Study Guide

Decameron Second Day, Sixth Story

By Giovanni Boccaccio

Second Day, Sixth Story

Madame Beritola


  • Storyteller: Emilia
  • It's good for both the happy man and the miserable man to hear stories of Fortune's fickle nature, says Emilia.
  • It keeps the happy man on his toes and gives the miserable one hope that things might get better.
  • To prove this, she's going to tell a true tale that has a happy ending but in which things got worse before they got better.


  • A man called Arrighetto Capece governed the island of Sicily during the reign of Manfred.
  • Arrighetto has a beautiful wife named Madame Beritola and enjoyed the high regard of King Manfred.
  • But all good things come to an end. Manfred's killed by Charles I and Arrighetto tries to flee the island ahead of the conquering forces.
  • He's captured and handed over to King Charles. Meanwhile, a pregnant Beritola has to flee with her young son.
  • A storm blows up and puts them off course. They wind up on the island of Ponza.
  • Beritola leaves her sons on the beach and finds a private place to cry her eyes out over her fate. She does this every day.
  • But one day, a pirate ship appears while she's off by herself. When she returns, her sons are gone and she finds herself alone on the island.
  • She makes friends with a doe that has given birth to two little bucks. Since Beritola still has breast milk from her own recent pregnancy, she begins to feed the deer from her own breasts.
  • This continues for some time, until Beritola has become quite wild from all the weeping and living on a diet of grass and water.
  • This is called an "identity crisis."
  • Months later, Currado of Malaspina and his wife anchor in the bay of the island and discover Beritola in the cave with her doe and baby bucks.
  • They convince her to come away with them to a place where she isn't known, and the deer family goes with them.
  • Beritola stays with Currado's wife as her "maid of honor" and the scene shifts to Genoa, where Beritola's sons have been left with their nurse to be slaves in the house of Guasparrino d'Oria.
  • The nurse changes the boys' names so that they'll be safe from political backlash, and they wait patiently for their luck to change.
  • But the older boy, now called Giannotto, runs away from servitude when he turns 16 and becomes an accomplished seaman.
  • And as fate is a funny thing, he winds up in the service of Currado Malaspina on the very same estate as his lost mother.
  • Giannotto learns that his father's not dead at all, but has been left to rot in the dungeons of King Charles I.
  • And though the young man sees his mother often, neither of them recognizes the other.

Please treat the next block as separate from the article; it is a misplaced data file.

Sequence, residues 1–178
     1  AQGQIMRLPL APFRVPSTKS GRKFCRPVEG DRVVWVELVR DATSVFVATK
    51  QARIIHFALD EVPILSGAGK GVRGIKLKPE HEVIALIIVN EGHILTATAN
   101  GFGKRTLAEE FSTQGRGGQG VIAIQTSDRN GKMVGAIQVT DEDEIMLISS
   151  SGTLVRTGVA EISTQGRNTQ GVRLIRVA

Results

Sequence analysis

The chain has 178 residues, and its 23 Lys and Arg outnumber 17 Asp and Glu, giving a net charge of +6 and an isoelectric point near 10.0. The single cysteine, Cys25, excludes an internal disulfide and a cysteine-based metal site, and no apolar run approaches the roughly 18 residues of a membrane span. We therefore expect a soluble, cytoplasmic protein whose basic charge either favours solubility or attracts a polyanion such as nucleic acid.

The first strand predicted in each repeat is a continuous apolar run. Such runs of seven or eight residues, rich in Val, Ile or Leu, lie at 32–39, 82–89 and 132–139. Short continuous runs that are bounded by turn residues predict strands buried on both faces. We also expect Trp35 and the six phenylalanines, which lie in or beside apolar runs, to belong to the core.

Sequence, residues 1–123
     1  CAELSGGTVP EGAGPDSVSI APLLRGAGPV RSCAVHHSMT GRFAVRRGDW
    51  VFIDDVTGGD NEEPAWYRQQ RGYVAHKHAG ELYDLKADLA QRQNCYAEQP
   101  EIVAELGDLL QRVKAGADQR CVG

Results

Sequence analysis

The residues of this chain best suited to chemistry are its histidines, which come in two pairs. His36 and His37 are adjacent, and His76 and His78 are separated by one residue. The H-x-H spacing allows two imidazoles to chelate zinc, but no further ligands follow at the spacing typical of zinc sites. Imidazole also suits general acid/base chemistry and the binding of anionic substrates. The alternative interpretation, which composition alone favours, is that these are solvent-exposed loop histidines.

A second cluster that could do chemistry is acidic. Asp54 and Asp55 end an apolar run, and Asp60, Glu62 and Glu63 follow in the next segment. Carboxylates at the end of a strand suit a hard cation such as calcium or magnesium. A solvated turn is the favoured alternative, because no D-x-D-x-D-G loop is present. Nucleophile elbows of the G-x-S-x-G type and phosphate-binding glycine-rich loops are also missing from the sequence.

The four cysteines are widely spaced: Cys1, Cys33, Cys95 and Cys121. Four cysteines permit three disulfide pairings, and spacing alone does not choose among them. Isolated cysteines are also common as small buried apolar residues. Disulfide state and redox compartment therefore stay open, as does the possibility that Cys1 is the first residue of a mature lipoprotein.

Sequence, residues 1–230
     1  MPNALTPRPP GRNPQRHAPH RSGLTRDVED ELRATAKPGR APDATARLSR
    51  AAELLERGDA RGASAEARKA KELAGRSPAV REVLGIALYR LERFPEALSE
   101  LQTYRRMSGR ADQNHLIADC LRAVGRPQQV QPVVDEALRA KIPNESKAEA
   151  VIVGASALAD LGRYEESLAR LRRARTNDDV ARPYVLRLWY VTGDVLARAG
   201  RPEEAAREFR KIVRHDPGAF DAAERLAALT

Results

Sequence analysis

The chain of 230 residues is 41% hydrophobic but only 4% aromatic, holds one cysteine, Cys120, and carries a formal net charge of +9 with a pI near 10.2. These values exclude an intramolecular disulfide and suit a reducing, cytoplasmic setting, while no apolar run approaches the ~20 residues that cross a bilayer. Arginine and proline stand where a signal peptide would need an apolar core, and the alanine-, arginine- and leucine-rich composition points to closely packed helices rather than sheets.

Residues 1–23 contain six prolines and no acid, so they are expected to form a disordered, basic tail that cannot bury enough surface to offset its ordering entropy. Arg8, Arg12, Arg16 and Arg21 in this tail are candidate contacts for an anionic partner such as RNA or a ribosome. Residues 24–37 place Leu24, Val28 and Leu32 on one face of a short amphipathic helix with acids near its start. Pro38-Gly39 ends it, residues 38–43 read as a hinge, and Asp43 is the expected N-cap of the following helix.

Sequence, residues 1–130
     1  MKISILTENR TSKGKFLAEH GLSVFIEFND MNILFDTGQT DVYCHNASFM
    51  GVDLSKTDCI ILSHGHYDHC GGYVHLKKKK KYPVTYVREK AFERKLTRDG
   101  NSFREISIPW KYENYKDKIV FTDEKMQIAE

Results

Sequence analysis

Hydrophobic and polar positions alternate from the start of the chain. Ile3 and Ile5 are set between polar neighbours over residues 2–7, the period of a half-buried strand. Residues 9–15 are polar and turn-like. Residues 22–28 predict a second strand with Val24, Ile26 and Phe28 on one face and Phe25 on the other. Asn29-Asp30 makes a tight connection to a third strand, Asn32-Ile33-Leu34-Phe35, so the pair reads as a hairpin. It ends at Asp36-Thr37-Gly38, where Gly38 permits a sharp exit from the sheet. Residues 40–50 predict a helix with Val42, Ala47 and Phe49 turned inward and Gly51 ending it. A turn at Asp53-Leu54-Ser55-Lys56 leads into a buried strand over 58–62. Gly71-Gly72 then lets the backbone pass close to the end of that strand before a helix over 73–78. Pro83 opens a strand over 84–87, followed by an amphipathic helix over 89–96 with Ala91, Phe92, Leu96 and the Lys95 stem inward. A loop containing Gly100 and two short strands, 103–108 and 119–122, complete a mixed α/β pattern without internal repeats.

• Now we add a love story to this drama: Currado's daughter, Spina, comes home a widow and falls in love with Giannotto. The feeling's mutual.
  • But they get a little careless about their "meetings," and pretty soon they're caught by Currado and his wife.
  • Daddy's upset, to say the least. He's all for killing them both in the worst possible way, but his good wife dissuades him. She convinces Currado to banish them to the dungeon instead.
  • So things stand for a year, with the two lovers languishing away in jail.
  • Then Fortune's wheel spins again, and the political balance changes. Sicily is taken out of Charles I's control.
  • When Giannotto hears about this in prison, he tells his jailer who he really is. The jailer passes on the info to Currado.
  • Currado realizes that Giannotto must really be Madame Beritola's son, Giusfredi. After speaking with both Giannotto and Beritola, he knows the truth and has a plan.
  • He offers Spina's hand in marriage to Giannotto and arranges for them to get married in prison.
  • Currado keeps everything a secret from the rest of the family, until the youngsters can gain some weight and look a little more presentable in front of the ladies.
  • When Currado presents the couple to Beritola and his wife, Beritola eventually understands that the young man is her lost son, Giusfredi. She does what any refined lady would do—she passes out.
  • Giannotto, now called Giusfredi, asks Currado to send someone to fetch his younger brother and the nurse. He also requests that an emissary be sent to Sicily to find out about his father.
  • Back in Genoa, the emissaries explain to Guasparrino just who he'd been mistreating all those years. He's pretty appalled, because he knows how important Arrighetto is in the new political climate.
  • He makes amends to the younger son, named The Outcast, by giving him his 11-year-old daughter for a bride. Ick.
  • Anyway, they all go to Currado's estate and there's rejoicing and feasting.
  • During the feast, the emissary to Sicily comes back with good news: Arrighetto has been restored to his former glory and is sending his people to collect up the family.
  • After more days of feasting, Madame Beritola and her family get on a ship and sail for Sicily.
  • And in the end, Emilia says, they manage to live happily ever after. She thinks, anyway.

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